In an effort to further my cultural education, Fleur and I paid a visit to the Millais exhibition at Tate Britain this weekend. At £11, the entry price is fairly steep, but it's worth every penny. Millais was staggeringly prolific - there are easily sixty paintings on display (I stopped counting after the first three rooms, and there are seven in the exhibition), and they are all universally superb.
One sketch study he did in preparation for Isabella is just frighteningly good. The quality of the soft shadows are simply astounding, and when you look up close you can see every single pencil stroke and how not a single one is wasted (unlike, say, one of my sketches)... kind of awe-inspiring, really.
Millais himself was quite an interesting chap, not least for nicking the wife of his best mate, and having eight kids with her; which probably explains his prolificacy as an artist as well - all those mouths to feed - and with a peak income of around £30,000 a year (one heck of a lot of money in Victorian times) at least he didn't suffer too much for his art.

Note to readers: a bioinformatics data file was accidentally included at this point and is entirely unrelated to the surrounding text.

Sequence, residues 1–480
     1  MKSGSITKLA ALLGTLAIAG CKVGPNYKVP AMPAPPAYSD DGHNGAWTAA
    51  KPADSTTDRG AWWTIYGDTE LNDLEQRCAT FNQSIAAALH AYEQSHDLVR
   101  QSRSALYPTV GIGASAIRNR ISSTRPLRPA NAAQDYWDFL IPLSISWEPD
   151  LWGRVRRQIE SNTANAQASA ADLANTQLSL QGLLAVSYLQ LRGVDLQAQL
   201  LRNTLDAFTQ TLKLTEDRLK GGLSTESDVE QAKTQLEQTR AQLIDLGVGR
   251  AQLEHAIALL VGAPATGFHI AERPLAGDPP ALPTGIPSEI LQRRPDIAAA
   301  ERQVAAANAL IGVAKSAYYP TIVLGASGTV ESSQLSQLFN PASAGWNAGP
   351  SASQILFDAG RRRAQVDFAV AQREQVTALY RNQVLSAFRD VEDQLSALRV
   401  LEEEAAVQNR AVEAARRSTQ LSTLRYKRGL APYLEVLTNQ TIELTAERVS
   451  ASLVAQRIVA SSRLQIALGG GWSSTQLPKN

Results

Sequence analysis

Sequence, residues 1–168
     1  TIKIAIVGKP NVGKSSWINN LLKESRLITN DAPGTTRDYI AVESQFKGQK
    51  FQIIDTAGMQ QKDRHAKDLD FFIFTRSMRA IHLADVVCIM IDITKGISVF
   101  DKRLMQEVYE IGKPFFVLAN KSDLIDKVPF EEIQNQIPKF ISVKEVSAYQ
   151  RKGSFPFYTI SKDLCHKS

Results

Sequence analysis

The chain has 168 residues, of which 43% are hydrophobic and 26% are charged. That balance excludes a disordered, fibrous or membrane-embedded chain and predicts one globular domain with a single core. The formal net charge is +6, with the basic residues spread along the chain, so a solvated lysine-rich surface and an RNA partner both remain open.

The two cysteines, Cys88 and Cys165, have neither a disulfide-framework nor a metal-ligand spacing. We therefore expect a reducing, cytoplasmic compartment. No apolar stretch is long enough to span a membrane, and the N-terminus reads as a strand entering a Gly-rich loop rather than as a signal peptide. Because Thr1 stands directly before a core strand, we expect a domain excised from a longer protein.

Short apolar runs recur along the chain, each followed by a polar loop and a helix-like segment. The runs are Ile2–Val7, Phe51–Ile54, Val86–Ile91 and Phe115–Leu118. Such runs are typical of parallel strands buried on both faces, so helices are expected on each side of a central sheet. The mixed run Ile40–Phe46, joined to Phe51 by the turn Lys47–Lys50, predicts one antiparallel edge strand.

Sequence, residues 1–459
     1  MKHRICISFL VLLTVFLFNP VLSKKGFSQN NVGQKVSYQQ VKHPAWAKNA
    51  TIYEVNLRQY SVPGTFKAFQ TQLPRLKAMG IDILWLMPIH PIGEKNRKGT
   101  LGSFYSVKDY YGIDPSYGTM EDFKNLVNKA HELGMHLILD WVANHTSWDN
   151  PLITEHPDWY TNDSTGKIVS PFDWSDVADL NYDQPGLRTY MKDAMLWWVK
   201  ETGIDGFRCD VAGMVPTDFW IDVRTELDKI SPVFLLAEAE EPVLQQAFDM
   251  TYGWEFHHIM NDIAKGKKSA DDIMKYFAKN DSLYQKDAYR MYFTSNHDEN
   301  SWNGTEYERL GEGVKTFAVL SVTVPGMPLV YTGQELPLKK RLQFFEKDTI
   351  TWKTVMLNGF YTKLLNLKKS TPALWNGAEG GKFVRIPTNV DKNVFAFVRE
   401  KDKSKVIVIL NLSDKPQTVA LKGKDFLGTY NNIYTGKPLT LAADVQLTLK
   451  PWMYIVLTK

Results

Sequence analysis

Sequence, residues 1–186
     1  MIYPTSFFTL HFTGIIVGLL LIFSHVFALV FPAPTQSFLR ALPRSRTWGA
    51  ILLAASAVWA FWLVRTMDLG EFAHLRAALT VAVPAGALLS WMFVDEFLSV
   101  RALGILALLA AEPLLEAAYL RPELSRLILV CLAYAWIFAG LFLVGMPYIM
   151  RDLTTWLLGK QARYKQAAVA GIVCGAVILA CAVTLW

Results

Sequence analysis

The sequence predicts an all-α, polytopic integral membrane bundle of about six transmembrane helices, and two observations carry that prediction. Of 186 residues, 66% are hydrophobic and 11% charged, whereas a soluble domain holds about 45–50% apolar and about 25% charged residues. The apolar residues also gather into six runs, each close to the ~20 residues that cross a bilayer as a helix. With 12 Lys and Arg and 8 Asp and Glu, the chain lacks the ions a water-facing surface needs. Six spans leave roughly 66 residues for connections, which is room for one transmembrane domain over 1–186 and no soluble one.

My favourite pieces at the exhibition were The Eve of St Agnes, Twins, A Jersey Lily and Bright Eyes (can't find a picture, sadly), plus one of his late landscapes I can't remember the name of now. All of the pieces are pretty stunning, though, and the exhibition is very well laid out and constructed. Well worth a visit.